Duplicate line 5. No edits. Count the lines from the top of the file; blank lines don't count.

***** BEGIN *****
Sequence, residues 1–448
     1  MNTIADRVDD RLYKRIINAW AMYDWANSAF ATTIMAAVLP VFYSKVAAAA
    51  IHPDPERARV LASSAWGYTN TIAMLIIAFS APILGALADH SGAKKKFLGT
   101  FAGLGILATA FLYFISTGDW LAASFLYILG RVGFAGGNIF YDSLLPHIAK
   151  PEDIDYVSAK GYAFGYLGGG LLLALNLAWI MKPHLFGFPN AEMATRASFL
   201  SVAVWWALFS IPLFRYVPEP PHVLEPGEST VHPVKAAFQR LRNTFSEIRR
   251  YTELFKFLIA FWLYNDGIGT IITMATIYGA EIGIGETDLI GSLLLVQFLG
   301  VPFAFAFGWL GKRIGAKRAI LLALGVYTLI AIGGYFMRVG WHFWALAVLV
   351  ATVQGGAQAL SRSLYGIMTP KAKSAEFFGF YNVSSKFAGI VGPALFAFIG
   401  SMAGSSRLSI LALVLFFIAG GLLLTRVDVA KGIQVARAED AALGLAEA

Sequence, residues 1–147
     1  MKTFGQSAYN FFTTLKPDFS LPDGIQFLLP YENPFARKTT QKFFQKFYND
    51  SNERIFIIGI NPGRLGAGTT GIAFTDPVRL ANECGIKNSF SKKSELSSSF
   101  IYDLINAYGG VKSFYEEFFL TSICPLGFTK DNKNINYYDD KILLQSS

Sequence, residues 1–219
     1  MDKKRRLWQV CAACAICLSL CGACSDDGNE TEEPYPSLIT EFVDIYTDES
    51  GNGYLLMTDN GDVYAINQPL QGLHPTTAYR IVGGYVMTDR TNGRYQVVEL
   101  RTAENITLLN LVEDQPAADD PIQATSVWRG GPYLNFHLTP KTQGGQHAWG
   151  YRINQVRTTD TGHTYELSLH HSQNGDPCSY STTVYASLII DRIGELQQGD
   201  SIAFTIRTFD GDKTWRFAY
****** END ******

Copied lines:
   151  PEDIDYVSAK GYAFGYLGGG LLLALNLAWI MKPHLFGFPN AEMATRASFL